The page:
As usual, PSF presents the area’s most diverse arts offerings, this season including dance, jazz, world music, and live poetry, in addition to six upcoming classical music concerts. While 2019-2020 doesn’t have the all-out star power of last season’s appearances by Emanuel Ax, the Emerson String Quartet, and the Los Angeles Master Chorale, there are some 1,000-watt names, including fast-rising pianist Einav Yarden, who plays Bach, Haydn, Schumann, and Schoenberg (Nov. 21); the Kronos Quartet, which delivers a multimedia event combining live performance and film to explore the group’s 45-year commitment to contemporary music (Jan. 30); and pianist Yefim Bronfman in an all-Beethoven program, the repertory for which he’s most renowned (Mar. 27). Although Native Kentuckian Tessa Lark divides her time between bluegrass fiddle and classical violin, we’ll hear the latter in Santa Fe (May 8). Her work will be heavy on the paprika, including as it does Ravel’s Gypsy (Tzigane) and Bartók’s Romanian Folk Dances, along with music by Ysaÿe and Grieg.

TAKE NOTE: Third Coast Percussion, 7:30 p.m., Oct. 1, $29 to $115, with discounts available for students and teachers. If the term Third Coast baffles you, it’s the western shoreline of Lake Michigan. There, four Northwestern University percussion students started a group that now performs around the world and is known for its unique collaborations, like those with Notre Dame engineers and Frank Lloyd Wright Foundation architects. Their Santa Fe concert includes Glass’ Perpetulum, which the composer describes as a fusion of perpetual and momentum. This new work is a co-commission by Third Coast and Performance Santa Fe. The Chicago Tribune described it as “rich in musical incident” and “immensely appealing to hear,” saying “a sense of joy pervaded all this music.”


Multiple venues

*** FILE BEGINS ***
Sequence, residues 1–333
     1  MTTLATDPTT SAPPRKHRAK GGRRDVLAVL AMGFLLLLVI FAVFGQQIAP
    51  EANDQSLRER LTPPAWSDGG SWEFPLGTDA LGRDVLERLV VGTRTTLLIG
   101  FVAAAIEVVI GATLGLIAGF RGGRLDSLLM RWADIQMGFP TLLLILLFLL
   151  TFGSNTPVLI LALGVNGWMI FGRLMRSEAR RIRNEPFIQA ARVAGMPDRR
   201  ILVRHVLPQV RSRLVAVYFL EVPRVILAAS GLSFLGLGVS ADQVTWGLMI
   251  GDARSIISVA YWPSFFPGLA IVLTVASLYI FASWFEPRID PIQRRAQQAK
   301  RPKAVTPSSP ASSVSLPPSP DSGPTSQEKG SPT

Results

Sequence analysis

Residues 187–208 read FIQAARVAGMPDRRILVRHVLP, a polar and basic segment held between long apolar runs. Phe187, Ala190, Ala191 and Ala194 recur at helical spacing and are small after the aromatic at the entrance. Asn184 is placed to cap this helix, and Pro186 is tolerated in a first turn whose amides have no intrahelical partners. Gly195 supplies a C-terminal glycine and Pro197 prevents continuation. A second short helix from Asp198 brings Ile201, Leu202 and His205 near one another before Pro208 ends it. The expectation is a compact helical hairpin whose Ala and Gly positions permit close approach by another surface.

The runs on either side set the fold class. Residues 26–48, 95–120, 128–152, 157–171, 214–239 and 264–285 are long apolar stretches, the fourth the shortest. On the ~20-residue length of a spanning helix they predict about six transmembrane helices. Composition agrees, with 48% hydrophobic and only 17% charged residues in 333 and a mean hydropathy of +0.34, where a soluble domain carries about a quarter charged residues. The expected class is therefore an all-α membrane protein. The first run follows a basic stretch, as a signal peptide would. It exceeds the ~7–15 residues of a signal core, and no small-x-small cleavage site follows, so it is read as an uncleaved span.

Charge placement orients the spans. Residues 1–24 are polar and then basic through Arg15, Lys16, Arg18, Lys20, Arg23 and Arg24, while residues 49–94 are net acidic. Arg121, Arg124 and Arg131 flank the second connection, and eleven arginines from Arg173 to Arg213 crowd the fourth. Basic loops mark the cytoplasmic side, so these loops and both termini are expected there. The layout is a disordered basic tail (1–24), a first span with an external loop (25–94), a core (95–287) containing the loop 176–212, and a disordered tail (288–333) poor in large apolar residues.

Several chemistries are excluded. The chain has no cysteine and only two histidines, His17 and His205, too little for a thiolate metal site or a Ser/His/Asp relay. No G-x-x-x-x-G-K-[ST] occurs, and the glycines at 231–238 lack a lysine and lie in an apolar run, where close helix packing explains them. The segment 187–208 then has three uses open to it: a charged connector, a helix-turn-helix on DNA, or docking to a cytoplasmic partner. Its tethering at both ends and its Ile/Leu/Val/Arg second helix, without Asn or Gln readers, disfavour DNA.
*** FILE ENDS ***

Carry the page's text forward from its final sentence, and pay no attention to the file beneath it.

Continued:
All of Beethoven’s Piano Trios, performed over three evenings, are one of the major highlights of the festival’s 48th season, which spans six weeks during July and August. Artistic director and 2019 Governor’s Awards for Excellence in the Arts winner Marc Neikrug’s chamber opera A Song by Mahler receives its New Mexico premiere, with a top-notch artistic team in director Doug Fitch, vocalists Kelley O’Connor and Kelly Markgraf, clarinetist David Shifrin, and the FLUX Quartet. Other high-profile artists include Richard Goode in a solo piano recital, tenor Paul Groves on the Music at Noon series, and the foursome of violinist Leila Josefowicz, cellist Peter Wiley, clarinetist Ricardo Morales, and pianist Gilles Vonsattel performing Messiaen’s seminal Quartet for the End of Time.


Multiple venues


July and August are the Desert Chorale’s busiest months. In 2020, the chorale — professional singers led by Joshua Habermann — has planned three programs, each with a unique thematic focus. “The Roaring 20s” highlights music by Francis Poulenc, George Gershwin, and Duke Ellington, among others. The work of contemporary composers from the Pacific Rim is featured in “Ring of Fire.” Music by two 17th-century Italian composers, Salamone Rossi and Claudio Monteverdi, is featured in “The Jew and The Gentile.”

TAKE NOTE: “Sacred Fire: The Celtic Tradition,” 8 p.m. Dec. 17 and 18, Cristo Rey Church, 1120 Canyon Road; 8 p.m. Dec. 19, 20, 21, and 22; 4 p.m. Dec. 22, Cathedral Basilica of St. Francis of Assisi, 131 Cathedral Place; $10 to $95, with student discounts available. The chorale’s contribution to the holiday event calendar features traditional music from Ireland, Scotland, and Wales, performed in two of Santa Fe’s iconic churches.


301 Opera Drive


The opera’s new management made a big noise when it announced the 2020 repertory, especially regarding Wagner’s Tristan and Isolde (premiering July 18), certainly the longest and one of the most challenging pieces ever attempted here — a potentially high-risk, high-reward maneuver. There’s world premiere cachet in the operatic version of David Henry Hwang’s Tony-winning play, M. Butterfly (Aug. 1), which only has to clear the low bar set by 2019’s commissioned opera, The Thirteenth Child, to be considered a success. Dvořák's lovely Rusalka ( July 25; long overdue for a Santa Fe staging), Rossini’s The Barber of Seville ( July 3), and Mozart’s The Magic Flute ( July 4) round out the repertory for a more adventurous season mix than in 2019.

Things aren’t going entirely dormant before the July launch, however, with a new initiative called Opera for All Voices, a seven-company venture intended “to bring new audiences to opera by commissioning important works that speak to all voices, designed with modern attention spans in mind, and aimed at breaking down preconceived notions that opera is antiquated or elitist.”